Little detailThe big question for Mayo is: if you really, really want to win it then why not eliminate the chances in the last third of the field? For instance, they have a converted wing back in Kevin McLoughlin who has a marvellous work rate. Why not deploy that?
That little detail would put them in a bracket where they have a very strong chance. We all know that they have been really close in the last few years. But have they? Bernard Brogan’s goal in the 2013 final: over the course of 70 minutes, based on the numbers, was that not inevitable?
So I feel this is a critical issue for Mayo because the weekend games confirmed the provincial champions are in the position they expected to be as the championship goes through its sorting process.
Donegal are in a position now where they will try to improve by a further five per cent in each of their performances and I can see them doing that. It was a very classy execution of their game plan in Armagh.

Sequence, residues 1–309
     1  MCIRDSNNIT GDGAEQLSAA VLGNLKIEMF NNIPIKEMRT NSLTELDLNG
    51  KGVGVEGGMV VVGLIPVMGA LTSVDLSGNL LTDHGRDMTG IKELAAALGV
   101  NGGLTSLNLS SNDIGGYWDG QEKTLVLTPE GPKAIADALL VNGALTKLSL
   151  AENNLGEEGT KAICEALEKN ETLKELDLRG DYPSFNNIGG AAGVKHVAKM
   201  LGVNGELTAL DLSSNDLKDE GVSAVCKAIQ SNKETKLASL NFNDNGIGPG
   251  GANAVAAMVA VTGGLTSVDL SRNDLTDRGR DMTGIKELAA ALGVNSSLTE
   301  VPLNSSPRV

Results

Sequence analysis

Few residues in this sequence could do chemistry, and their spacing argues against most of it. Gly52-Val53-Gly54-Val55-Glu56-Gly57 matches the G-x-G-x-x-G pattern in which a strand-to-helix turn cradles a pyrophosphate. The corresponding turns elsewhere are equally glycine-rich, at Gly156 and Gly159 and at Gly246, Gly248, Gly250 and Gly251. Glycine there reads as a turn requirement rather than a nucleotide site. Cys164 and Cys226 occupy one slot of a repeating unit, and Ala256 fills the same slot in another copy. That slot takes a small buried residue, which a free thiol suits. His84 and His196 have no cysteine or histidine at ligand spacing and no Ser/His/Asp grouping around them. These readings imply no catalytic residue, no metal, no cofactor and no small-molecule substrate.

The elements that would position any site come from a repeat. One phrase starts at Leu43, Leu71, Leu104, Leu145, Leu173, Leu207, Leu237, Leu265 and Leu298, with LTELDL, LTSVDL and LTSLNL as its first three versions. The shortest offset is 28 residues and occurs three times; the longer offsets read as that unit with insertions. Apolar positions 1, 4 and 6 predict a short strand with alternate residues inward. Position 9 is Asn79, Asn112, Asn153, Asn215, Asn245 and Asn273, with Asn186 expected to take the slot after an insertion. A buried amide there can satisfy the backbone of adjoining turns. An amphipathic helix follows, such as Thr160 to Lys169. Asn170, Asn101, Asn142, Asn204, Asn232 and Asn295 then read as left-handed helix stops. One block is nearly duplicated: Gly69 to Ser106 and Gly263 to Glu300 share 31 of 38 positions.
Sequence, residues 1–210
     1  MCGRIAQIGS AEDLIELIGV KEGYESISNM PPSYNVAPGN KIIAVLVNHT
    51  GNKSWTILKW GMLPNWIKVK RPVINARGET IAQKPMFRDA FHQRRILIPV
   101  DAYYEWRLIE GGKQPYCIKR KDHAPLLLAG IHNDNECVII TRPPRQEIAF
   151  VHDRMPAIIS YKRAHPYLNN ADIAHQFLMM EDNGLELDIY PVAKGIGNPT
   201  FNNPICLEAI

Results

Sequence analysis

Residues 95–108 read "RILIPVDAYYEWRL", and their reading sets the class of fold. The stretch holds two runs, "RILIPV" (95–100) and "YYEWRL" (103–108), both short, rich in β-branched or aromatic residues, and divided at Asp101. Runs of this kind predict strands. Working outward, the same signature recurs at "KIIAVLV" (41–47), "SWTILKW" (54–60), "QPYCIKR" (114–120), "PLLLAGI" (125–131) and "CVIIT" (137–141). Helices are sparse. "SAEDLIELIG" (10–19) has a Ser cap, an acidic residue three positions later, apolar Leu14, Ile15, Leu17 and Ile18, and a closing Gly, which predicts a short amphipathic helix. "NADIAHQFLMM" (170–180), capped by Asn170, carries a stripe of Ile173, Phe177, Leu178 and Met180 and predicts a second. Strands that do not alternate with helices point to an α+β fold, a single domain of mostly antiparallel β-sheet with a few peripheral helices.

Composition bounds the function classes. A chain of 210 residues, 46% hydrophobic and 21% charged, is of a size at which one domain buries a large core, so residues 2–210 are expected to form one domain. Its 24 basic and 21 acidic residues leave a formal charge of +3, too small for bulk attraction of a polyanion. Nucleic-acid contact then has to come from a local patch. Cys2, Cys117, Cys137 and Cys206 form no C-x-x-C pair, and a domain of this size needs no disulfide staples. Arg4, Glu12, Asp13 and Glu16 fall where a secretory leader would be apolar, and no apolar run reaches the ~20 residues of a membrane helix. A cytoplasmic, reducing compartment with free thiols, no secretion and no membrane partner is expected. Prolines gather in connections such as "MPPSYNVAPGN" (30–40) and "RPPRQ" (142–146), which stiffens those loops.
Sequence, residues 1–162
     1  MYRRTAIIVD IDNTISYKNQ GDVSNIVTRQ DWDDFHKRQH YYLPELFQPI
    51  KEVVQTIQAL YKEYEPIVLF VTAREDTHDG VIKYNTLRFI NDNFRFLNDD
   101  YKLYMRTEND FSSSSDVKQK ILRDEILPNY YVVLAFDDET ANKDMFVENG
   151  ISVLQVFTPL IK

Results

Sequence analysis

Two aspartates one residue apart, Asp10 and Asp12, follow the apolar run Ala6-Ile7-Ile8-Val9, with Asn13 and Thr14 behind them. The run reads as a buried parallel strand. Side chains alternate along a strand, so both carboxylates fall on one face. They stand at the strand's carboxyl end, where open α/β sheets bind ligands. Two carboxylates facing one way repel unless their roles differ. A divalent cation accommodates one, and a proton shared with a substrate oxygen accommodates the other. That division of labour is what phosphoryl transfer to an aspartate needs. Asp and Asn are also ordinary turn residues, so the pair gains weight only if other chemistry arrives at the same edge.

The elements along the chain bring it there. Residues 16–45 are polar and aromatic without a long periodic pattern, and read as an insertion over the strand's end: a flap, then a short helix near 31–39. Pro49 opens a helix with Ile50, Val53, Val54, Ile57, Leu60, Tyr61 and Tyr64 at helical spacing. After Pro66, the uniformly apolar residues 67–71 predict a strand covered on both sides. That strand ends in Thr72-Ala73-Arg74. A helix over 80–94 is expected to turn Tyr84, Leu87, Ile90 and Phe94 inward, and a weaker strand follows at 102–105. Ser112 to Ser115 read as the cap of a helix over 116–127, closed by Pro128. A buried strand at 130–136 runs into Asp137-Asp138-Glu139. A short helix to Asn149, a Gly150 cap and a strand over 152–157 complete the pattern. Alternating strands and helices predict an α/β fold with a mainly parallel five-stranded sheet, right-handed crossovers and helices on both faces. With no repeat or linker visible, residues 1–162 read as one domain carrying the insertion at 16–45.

Michael Murphy was obviously a towering figure. People talk about Michael on the edge of the square but there is nobody better in Donegal at delivering those long, diagonal quality passes from 60 metres and when you have an excellent forward like Patrick McBrearty in there, it can cause damage.
Because Michael is a natural full forward, he knows the type of ball that player wants. Paddy McGrath closed out Jamie Clarke completely and the Armagh attack struggled as a result. Karl Lacey brought his form from the Tyrone match into the Athletic Grounds and proved again how important he is to Donegal. He got on a lot of ball and I don’t recall him making a single mistake.
Key figureWithin an excellent team performance, Odhrán MacNiallais was outstanding in his athleticism and decision-making and in the switching of the direction and emphasis of play. He is a very fine footballer and emerging as a key figure for Donegal.